Ernie Hudson: Studio thought Winston was 'Ghostbusters' add-on, but fans didn't

Ernie Hudson is reflecting on his 40-year legacy with the "Ghostbusters" film franchise. File Photo by John Angelillo/UPI
1 of 5 | Ernie Hudson is reflecting on his 40-year legacy with the "Ghostbusters" film franchise. File Photo by John Angelillo/UPI | License Photo

Feb. 22 (UPI) -- Ernie Hudson says he didn't feel like Columbia Pictures truly appreciated his value to the decades-old Ghostbusters franchise until the most recent film, 2021's Ghostbusters: Afterlife.

Hudson played Winston Zeddemore, one of the four titular paranormal investigators alongside Dan Aykroyd, Bill Murray and the late Harold Ramis, in the original 1984 Ghostbusters and 1989's Ghostbusters II, as well as Afterlife.


"When I came into the franchise, the guys -- and I will say this -- have always been amazing and welcoming and I loved them, the entire cast," Hudson, 77, told UPI in a recent phone interview.

"But I didn't feel that same kind of affection with the studio," he said with a laugh. "I think the studio saw that story a certain way and they felt [Winston] was an add-on, but I don't think the fans felt that way."


Hudson said when the first film was re-released for its 30th anniversary in 2014, the poster for it only prominently featured the characters played by Aykroyd, Murray and Ramis.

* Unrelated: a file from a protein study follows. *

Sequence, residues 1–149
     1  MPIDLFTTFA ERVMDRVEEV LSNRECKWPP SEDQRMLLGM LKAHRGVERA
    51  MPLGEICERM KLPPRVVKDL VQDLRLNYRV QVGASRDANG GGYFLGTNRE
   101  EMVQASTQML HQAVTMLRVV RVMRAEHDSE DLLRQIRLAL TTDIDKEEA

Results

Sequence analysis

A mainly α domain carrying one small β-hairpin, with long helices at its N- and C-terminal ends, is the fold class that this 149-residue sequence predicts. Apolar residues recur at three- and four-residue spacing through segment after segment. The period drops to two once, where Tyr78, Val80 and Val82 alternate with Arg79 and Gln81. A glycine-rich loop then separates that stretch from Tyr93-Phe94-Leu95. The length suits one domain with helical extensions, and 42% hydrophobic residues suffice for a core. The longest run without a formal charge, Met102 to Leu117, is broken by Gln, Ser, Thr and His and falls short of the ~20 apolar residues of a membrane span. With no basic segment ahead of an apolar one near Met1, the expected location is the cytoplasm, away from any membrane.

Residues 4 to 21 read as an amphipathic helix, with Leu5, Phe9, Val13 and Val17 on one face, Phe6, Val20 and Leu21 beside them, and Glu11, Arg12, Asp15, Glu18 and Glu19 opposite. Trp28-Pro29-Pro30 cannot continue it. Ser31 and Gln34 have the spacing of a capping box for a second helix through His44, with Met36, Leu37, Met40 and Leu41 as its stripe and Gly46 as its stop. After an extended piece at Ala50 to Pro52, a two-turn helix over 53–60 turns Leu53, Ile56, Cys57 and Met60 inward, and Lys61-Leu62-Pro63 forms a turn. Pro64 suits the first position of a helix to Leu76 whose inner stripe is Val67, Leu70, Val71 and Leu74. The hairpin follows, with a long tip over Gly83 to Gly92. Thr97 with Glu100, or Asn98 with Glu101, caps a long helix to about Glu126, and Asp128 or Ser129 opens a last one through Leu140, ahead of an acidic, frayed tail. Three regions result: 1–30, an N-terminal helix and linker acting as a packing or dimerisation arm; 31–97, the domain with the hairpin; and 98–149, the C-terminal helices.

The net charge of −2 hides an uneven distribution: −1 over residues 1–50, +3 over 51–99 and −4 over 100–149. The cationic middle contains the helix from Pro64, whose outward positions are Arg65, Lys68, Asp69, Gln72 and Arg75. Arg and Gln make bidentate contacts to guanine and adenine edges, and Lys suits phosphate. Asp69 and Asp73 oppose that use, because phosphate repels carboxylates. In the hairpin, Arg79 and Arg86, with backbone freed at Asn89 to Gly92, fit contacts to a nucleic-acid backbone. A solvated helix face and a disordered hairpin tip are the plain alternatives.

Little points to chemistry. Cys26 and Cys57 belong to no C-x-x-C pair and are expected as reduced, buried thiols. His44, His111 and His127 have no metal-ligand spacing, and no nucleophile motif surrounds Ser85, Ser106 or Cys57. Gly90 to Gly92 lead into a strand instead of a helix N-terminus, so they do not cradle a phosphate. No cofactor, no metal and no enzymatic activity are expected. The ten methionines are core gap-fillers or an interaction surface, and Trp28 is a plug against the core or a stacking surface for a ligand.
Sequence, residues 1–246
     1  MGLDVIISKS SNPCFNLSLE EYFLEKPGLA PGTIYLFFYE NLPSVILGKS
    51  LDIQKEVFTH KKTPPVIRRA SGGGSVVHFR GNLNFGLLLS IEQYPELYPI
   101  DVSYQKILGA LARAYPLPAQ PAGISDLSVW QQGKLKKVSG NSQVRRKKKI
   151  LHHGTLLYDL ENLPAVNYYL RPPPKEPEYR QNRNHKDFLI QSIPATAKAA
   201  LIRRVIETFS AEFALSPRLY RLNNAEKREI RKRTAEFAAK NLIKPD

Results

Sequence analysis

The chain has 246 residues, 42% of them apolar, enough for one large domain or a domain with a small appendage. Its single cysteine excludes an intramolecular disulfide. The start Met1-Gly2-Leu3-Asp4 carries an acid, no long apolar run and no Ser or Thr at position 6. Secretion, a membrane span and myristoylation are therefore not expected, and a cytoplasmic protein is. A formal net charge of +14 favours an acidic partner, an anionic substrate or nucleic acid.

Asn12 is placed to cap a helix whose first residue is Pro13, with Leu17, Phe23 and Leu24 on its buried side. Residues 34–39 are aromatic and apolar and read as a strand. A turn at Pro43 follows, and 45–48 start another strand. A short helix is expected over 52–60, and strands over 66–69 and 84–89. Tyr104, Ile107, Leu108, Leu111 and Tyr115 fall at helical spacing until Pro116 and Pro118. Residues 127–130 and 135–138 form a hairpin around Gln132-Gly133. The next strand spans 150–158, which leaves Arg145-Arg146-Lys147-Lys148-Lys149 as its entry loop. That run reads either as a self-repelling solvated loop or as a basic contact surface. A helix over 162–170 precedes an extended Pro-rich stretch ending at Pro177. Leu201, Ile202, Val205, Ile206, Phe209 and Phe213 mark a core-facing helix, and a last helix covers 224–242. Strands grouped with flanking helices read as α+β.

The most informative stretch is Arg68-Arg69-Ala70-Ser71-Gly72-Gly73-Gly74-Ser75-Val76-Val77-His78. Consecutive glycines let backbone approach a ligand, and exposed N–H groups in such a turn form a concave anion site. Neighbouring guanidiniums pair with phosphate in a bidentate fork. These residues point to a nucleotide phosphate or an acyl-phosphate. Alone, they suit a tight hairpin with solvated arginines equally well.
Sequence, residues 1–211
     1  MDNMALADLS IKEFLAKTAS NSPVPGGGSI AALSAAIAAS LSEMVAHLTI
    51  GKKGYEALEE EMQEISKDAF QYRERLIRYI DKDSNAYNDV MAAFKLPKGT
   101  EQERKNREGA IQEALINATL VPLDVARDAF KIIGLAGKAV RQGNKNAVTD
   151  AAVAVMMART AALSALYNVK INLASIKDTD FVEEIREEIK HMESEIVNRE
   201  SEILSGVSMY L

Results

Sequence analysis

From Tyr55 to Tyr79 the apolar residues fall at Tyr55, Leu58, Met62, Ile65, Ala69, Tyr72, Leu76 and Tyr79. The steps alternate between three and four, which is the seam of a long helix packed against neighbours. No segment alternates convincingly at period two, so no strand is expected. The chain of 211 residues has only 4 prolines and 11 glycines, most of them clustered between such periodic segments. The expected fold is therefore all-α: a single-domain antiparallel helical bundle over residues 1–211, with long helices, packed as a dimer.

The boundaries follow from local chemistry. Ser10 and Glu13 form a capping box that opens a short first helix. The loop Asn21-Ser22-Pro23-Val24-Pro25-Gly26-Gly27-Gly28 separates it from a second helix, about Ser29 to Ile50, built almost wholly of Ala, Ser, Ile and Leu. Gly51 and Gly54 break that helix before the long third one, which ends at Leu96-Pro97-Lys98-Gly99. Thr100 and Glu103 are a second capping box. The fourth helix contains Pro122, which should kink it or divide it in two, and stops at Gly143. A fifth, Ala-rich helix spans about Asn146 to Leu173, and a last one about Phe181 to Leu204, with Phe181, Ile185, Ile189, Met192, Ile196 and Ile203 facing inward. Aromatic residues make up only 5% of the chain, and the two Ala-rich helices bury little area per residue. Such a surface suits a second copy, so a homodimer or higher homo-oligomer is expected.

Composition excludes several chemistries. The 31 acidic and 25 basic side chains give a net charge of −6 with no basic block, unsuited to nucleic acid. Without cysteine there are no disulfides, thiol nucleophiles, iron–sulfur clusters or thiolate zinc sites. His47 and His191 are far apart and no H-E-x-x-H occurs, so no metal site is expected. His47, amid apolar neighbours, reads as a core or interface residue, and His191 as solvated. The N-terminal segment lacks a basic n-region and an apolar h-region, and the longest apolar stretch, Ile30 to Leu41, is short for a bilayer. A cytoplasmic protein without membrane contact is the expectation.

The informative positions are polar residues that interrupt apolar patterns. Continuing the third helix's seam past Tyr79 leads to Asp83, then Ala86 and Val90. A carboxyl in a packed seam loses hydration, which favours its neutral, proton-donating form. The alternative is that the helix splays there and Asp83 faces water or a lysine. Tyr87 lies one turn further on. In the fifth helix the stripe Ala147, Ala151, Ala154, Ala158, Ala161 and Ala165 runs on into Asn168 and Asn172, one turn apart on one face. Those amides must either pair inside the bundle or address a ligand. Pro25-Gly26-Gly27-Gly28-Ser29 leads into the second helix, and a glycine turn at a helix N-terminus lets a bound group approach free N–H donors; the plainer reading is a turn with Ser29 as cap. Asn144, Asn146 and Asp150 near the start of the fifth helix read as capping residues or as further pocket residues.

"I was like: 'Really? After all this time?'" the actor recalled.

The first two films were directed by the late Ivan Reitman.

Afterlife, which was helmed by Reitman's son, Jason, ended with a scene showing Winston as rich and successful and bringing the Ghostbusters' classic Ecto-1 home back to its old firehouse base camp.

"When we got to Afterlife, I think the studio began to see the character as really an important part of it and I think wanted for Jason to sort of acknowledge that," he said.

"I was very thankful that he gave Winston that moment in the end where Winston -- no matter how he came into the franchise -- is now at a great place and he is choosing to be a part of that."

Hudson thinks a lot of fans relate to the character and Hudson's desire to be recognized for playing him.


"To me, it acknowledges a journey that a lot of people have to go through," Hudson said.

"It might take you a long time. With Ghostbusters, it's been almost 40 years, but, finally, now the studio is saying: 'Winston did bring something to the table. He is part of that.' I think the fans have felt that, but it's nice to have the studio acknowledge that."

The studio is gearing up for another sequel and Hudson would love it if there's room for Winston in the story.

"We haven't locked things down, but I'm hoping that I will continue to be a part of it," he said.

"The fans have been truly amazing and, to the studio's surprise, I think the fans really embraced the character and identified with the character because he was kind of your everyman, just a common-sense guy who calls it like it is, but still shows up to do his job.

"It means a lot to me now to see the studio be inclusive."

Hudson can now be seen in NBC's Quantum Leap and his latest movie, Champions, opens in theaters on March 10.


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